Eikev & Judges: Love or Kill the Stranger?

July 27, 2021 at 10:00 pm | Posted in Eikev, Judges, Shoftim, Va-etchannan | Leave a comment

Are foreigners neighbors or enemies?  Should you befriend them or kill them?

This week’s Torah portion, Eikev (“on the heels of”), appears to promote both points of view.

Love the stranger

And you must love the geir, for you were geirim in the land of Egypt.  (Deuteronomy/Devarim 10:19)

geir (גֵּר), plural geirim (גֵּרִים) = immigrant, resident alien.  (Not any “stranger”; only a foreigner who has settled down in another country.)

The command to be good to the immigrant appears many times in the Torah.1  In this week’s iteration, Moses warns his people not to act like the Egyptians, who mistreated the multiplying family of Jacob (a.k.a. Israel) when they were resident aliens in Pharaoh’s kingdom.2  He anticipates that after the Israelites have conquered Canaan and settled down, there will be individual immigrants who should be treated with the same fairness and compassion as anyone else in the land.

Kill the stranger

But this ethical rule does not apply to the Canaanites already living in the land the Israelites are about to conquer.  In last week’s Torah portion, Va-etchanan, Moses says:

You must dedicate them to destruction.  You must not cut a treaty with them, and you must not show them mercy.  You must not give them your daughters, nor give their daughters to your sons … because they would turn your children away from [God], and they would serve other gods … Instead … you must tear down their altars and smash their standing stones and cut down their goddess posts and burn their images in fire.  (Deuteronomy 7:2-5)

In the portion Eikev, Moses repeats the call for genocide of the Canaanites.

And you must eat up all the peoples that God, your God, is giving to you.  You must not look at them with compassion.  And you must not serve their gods, because it would be a trap for you.  (Deuteronomy 7:16)

Why?

Why does the God-character tell the Israelites to be kind to new immigrants, but to exterminate the existing population of Canaan?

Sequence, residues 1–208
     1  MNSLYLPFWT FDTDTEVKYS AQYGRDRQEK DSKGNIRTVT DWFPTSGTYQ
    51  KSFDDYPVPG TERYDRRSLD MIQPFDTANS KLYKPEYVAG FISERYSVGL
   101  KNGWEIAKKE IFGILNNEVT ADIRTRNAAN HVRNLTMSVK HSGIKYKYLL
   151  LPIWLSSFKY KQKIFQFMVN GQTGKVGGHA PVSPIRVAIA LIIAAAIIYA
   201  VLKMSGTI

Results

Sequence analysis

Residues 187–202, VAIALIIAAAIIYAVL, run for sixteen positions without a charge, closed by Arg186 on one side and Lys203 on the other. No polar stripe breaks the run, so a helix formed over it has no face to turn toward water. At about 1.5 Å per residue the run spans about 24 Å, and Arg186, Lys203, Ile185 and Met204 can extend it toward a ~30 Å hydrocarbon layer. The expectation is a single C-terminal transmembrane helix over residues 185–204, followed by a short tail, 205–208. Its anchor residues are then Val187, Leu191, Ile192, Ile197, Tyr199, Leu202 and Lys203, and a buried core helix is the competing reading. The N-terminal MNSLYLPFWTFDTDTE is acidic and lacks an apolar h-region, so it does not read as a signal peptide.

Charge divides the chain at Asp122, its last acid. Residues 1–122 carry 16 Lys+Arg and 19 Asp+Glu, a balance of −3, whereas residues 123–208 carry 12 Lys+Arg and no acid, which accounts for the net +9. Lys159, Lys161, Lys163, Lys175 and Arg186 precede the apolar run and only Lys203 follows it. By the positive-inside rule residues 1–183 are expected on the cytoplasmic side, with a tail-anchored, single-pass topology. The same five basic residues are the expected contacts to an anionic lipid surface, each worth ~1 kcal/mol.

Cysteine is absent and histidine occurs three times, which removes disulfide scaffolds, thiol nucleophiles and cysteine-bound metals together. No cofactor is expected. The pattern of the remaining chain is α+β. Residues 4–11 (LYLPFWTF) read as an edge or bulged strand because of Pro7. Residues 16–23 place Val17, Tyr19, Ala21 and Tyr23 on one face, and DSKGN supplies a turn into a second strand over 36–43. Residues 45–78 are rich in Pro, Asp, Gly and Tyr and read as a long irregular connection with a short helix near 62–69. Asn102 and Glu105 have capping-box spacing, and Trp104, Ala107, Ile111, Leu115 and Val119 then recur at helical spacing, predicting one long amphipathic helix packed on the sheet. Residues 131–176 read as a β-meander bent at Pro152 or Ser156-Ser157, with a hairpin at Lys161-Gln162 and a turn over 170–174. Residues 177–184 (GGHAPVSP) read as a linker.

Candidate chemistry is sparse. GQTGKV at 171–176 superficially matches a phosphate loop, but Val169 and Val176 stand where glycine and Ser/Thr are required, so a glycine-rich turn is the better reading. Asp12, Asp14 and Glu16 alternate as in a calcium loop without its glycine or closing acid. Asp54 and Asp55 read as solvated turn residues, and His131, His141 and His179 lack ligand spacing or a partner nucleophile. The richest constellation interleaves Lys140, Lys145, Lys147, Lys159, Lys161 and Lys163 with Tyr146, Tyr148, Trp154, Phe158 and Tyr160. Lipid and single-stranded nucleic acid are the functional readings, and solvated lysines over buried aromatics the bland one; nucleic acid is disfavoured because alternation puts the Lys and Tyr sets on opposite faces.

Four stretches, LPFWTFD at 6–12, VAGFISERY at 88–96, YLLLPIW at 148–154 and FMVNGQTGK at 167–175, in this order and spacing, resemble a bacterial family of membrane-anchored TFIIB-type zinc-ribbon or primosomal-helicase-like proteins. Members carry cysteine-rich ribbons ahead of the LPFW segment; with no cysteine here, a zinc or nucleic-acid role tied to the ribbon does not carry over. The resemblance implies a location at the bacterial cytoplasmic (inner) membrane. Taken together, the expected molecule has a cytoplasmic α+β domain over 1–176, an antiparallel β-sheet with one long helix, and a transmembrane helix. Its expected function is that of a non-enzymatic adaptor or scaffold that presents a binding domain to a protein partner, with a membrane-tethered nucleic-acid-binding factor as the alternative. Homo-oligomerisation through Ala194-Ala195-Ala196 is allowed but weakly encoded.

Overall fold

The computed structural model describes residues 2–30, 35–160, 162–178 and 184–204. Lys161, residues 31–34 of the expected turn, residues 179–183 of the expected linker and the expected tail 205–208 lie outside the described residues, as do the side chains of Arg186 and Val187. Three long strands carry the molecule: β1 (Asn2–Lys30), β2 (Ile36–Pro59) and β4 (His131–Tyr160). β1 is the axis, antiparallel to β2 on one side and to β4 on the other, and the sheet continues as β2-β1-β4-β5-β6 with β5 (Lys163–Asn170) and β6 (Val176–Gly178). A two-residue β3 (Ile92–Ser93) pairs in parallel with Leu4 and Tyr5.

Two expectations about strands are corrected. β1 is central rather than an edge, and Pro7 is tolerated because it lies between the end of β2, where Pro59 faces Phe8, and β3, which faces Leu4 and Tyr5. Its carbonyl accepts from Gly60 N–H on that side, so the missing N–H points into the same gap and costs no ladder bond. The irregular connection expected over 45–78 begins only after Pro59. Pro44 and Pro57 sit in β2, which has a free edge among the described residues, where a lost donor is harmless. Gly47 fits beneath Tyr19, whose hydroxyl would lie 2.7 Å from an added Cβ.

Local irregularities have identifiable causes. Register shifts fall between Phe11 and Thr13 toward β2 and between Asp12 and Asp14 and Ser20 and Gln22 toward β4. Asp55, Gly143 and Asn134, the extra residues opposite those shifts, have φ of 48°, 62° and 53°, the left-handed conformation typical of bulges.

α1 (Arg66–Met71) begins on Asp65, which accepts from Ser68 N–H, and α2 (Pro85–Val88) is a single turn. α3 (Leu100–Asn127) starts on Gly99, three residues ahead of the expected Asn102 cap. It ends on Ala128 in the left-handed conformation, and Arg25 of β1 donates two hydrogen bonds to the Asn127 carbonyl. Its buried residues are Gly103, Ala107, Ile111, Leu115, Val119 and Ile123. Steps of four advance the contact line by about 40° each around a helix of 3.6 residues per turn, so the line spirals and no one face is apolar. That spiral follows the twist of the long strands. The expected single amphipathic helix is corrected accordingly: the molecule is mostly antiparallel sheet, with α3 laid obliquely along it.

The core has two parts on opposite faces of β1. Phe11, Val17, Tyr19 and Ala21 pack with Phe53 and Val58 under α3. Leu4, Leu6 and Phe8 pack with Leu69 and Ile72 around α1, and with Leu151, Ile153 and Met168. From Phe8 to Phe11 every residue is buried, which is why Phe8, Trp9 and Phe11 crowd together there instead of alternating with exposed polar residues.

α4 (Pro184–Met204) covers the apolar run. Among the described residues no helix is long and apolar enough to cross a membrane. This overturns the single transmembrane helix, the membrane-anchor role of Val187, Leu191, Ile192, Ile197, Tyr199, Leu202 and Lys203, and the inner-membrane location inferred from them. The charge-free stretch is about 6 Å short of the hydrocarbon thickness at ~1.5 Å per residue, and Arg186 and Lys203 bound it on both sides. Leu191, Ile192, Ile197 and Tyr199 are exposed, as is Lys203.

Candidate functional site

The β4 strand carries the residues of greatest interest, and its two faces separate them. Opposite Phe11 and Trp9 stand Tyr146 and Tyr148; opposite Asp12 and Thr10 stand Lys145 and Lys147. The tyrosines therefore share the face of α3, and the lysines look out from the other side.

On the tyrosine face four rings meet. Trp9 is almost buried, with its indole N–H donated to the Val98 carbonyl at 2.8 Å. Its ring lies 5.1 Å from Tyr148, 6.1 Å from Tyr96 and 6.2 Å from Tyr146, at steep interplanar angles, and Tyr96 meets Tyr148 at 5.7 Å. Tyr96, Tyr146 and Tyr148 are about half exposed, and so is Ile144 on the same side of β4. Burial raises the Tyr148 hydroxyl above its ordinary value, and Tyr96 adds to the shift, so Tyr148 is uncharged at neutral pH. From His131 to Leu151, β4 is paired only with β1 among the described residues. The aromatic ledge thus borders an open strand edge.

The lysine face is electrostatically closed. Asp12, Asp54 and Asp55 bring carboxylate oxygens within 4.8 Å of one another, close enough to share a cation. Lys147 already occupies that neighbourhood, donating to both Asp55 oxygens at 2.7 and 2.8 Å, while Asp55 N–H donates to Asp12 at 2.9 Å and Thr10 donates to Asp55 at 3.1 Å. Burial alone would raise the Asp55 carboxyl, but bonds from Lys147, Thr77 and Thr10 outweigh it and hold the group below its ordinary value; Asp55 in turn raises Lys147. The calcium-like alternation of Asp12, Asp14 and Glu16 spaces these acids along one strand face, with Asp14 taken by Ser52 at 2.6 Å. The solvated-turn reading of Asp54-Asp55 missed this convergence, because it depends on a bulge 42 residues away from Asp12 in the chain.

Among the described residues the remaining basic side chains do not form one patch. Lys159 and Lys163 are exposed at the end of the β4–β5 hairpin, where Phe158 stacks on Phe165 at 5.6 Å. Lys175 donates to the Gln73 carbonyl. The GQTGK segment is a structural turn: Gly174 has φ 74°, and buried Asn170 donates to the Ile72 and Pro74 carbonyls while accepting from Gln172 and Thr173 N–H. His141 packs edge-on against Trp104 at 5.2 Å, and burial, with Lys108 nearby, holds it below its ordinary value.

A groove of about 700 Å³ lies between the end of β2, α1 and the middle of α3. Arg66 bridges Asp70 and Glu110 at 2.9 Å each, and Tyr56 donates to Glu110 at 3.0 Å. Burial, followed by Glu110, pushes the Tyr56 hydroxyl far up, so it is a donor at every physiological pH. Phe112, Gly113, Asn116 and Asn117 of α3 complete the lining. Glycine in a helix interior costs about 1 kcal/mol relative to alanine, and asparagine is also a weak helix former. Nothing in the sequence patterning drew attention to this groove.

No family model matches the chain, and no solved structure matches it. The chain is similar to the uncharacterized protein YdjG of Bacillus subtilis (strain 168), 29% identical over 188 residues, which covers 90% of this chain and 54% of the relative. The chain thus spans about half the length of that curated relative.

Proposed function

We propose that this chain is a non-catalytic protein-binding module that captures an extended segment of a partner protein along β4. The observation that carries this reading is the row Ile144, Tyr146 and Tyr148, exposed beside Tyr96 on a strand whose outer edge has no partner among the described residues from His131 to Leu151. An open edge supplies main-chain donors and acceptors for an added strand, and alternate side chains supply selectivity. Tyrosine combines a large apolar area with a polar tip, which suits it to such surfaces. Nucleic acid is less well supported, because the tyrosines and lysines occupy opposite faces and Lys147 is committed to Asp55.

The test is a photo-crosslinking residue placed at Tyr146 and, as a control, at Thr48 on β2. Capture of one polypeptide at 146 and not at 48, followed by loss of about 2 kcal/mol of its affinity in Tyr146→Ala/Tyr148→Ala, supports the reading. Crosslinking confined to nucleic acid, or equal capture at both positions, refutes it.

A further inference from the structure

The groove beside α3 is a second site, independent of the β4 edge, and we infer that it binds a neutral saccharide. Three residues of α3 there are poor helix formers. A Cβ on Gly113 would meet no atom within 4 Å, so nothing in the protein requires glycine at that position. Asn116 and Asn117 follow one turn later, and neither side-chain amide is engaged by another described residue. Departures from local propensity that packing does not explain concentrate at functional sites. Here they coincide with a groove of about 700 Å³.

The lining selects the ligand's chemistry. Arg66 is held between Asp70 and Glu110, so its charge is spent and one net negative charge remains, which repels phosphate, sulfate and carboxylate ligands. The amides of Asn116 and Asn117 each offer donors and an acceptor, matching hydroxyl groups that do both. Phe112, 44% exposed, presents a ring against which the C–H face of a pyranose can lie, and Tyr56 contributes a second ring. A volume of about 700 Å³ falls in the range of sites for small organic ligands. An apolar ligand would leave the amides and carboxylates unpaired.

If the Israelites had succeeded in conquering all of Canaan and killing its whole population, the injunction in Eikev could be viewed as a post-genocide justification: “We had to wipe them out because God told us to”.  But the book of Judges, which opens with an account of territories that the Israelite tribes partially conquered, reports that the original Canaanites continued to live in their midst.3

Therefore the exhortation to exterminate all the Canaanites serves a different purpose: to emphasize that nothing is more important for the Israelites than sticking to their own religion.  This agenda appears in the passages above from both Va-etchanan and Eikev.

The God-character portrayed in the books of Exodus, Numbers, Deuteronomy, Joshua, and 1 Samuel explicitly approves of genocide when the perpetrators are Israelites, and the victims worship a different god and occupy land that God has designated for the Israelites.4 No exceptions are made for infants or atheists.

In the book of Numbers, the land designated for Israelites includes not only Canaan, but also the region on the east bank of the Jordan River.  God helps the Israelites conquer the kingdoms of Cheshbon and Bashan, where two and a half of the twelve tribes will live.